GENTLEMAN JIM reviewed by

Gentleman Jim    |    John Hogan    |    July 23, 2008

At first glance, GENTLEMAN JIM looks like a child’s board book. Its small size and playful cover don’t give much of a hint as to its dense contents and marvelously constructed themes. A quick flip inside its pages reveals the truth, however: This is a deliciously funny and witty book for grownups --- but kids might like it too.

Author and illustrator Raymond Briggs has certainly balanced his work between kids’ tales and more adult-oriented fare, from things like FATHER CHRISTMAS and THE SNOWMAN to WHEN THE WIND BLOWS, an ominous graphic novel take on nuclear war. At a scant 32 pages, GENTLEMAN JIM is a short yet delightful bit of whimsy that wouldn’t be inappropriate for children but has enough smart edginess underlying its story that mark it as a sweet story for adult dreamers.

The title character, Jim Bloggs, has a steady but unfulfilling job cleaning toilets. He wants to do more, so much more, and he dreams of it constantly, looking at want ads and trying to figure out what steps to take. But every attempt Jim makes to advance his career to new heights is met with disdain and disapproval from an authority figure.

Tellingly, those authority figures are sparsely illustrated, sometimes just angular features obscuring any real details (like a face, for example). Ever an optimist, Jim still perseveres, blissfully unaware of the sheer futility of his plight. It’s almost heartbreaking to witness, or at least it would be if Briggs didn’t take so much care to ensure the story stayed light. There’s real hope inside Jim; no wonder he remains one of Briggs’s signature characters. He still resonates.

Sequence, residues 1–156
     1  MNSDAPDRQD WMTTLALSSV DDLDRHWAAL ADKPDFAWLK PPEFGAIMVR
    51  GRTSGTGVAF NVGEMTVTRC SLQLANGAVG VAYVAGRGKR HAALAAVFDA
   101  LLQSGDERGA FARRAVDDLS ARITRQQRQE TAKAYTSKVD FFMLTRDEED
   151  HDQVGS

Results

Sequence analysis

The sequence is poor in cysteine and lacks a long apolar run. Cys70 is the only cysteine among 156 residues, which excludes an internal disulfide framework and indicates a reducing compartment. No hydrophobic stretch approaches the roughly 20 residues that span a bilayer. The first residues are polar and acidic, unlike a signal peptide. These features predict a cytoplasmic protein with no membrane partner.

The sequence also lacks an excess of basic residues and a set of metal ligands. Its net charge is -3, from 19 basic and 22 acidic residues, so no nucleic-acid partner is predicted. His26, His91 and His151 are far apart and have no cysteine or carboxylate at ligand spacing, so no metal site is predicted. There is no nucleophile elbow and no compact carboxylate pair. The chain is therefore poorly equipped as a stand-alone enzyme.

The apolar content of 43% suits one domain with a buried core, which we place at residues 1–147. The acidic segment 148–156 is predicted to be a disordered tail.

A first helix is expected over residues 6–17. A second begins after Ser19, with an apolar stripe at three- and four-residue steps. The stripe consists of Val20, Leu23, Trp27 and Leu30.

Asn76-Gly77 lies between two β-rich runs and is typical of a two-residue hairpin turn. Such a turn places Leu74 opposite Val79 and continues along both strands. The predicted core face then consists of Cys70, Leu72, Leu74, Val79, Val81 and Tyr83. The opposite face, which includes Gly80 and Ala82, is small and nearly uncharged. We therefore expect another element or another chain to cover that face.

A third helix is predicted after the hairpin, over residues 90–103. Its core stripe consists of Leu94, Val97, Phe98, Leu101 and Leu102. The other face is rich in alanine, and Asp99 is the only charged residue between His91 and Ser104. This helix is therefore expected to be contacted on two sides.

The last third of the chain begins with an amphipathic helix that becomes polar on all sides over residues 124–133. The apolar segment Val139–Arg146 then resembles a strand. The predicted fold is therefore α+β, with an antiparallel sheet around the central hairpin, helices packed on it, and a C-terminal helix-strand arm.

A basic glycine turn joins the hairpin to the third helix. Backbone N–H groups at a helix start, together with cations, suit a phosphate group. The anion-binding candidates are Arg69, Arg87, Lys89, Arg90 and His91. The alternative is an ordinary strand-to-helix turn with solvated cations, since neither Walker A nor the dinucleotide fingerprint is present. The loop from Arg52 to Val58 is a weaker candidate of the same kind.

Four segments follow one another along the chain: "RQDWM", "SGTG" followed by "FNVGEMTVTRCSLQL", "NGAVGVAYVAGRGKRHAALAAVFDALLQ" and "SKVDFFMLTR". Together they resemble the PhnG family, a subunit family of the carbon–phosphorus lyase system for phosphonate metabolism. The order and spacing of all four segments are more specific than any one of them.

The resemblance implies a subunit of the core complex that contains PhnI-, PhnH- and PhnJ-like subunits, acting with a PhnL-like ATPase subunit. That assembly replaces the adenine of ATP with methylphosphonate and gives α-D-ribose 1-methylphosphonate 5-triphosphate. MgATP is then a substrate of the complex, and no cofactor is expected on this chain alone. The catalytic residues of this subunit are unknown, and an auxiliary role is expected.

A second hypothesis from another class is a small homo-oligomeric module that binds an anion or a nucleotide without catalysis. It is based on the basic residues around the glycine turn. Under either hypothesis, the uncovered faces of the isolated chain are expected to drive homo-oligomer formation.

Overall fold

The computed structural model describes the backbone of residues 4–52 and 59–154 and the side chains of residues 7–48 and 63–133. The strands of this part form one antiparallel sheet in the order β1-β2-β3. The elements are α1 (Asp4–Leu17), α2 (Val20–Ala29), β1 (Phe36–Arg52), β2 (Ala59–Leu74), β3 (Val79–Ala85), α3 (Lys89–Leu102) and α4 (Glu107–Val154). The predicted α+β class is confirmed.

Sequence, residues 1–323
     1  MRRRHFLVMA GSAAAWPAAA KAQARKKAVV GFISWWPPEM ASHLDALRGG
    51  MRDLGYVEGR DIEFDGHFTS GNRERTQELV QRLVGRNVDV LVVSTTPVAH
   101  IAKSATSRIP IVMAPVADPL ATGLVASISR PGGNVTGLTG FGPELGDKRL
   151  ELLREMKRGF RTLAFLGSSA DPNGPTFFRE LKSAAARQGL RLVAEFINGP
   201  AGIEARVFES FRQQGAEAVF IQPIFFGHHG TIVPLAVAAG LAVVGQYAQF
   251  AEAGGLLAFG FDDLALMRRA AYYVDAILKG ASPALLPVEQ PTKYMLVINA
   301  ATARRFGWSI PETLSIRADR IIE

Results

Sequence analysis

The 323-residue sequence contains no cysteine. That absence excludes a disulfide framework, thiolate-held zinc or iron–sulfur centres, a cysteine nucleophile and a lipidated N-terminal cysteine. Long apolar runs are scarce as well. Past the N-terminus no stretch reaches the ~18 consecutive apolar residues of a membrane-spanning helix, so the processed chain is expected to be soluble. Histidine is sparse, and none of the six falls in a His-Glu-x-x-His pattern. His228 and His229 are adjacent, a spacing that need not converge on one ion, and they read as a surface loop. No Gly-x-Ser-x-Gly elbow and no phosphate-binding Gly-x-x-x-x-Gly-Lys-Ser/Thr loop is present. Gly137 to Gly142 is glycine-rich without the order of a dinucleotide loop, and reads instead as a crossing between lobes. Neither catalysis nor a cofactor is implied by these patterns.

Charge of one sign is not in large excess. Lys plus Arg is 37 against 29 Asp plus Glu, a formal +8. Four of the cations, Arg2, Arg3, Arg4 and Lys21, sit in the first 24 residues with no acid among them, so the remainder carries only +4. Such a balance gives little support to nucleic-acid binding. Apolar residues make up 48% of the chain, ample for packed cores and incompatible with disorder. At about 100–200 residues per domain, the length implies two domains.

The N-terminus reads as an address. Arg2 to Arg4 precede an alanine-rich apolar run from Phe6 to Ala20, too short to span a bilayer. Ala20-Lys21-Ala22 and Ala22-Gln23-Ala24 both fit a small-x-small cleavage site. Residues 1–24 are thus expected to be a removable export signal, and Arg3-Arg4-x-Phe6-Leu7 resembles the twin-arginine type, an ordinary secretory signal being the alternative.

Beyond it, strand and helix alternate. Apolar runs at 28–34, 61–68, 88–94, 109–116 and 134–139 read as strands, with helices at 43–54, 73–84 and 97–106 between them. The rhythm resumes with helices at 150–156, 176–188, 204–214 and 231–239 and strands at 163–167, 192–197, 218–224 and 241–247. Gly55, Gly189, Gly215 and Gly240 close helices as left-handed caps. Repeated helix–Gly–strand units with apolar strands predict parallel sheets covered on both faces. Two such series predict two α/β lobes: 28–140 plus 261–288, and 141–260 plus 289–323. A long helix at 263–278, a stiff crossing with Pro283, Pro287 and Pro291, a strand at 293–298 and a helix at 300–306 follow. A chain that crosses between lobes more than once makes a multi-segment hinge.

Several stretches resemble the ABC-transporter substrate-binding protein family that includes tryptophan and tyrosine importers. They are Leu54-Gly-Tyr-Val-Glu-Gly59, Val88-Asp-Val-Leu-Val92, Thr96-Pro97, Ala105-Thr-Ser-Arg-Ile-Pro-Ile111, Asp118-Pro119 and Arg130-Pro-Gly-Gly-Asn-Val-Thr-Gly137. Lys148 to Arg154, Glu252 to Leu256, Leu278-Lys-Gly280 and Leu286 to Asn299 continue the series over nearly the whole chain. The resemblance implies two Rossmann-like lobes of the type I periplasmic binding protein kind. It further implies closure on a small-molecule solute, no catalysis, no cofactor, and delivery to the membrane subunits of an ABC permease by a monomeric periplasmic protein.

As direct commentary on societal structures, GENTLEMAN JIM uses brevity to its benefit. The book was first published in 1980, just a year after Margaret Thatcher had become England’s first female prime minister. That its British-born author directed most of his social commentary at his native society doesn’t diminish GENTLEMAN JIM for American readers.

Jim and his wife, Hilda, are rumored to be based on Briggs’s own parents, whose lives he detailed in ETHEL & ERNEST. Jim and Hilda made their own return in 1982’s WHEN THE WIND BLOWS, which pitted the two against the perils of nuclear winter.

Always, Briggs finds a way to draw humor and hope out of sadness and despair. He’s also a master at using symbolism in his design to support his story: Notice the size of the panels in GENTLEMAN JIM, for example, and how they reflect Jim’s plight in life throughout the story. It’s a pleasure to see Drawn & Quarterly reviving one of his pivotal works in such a nice edition. Briggs has long been overlooked in the field --- even though he’s worked steadily writing and/or illustrating since the late 1950s –-- so it’s good to see him get his due.

--Reviewed by John Hogan

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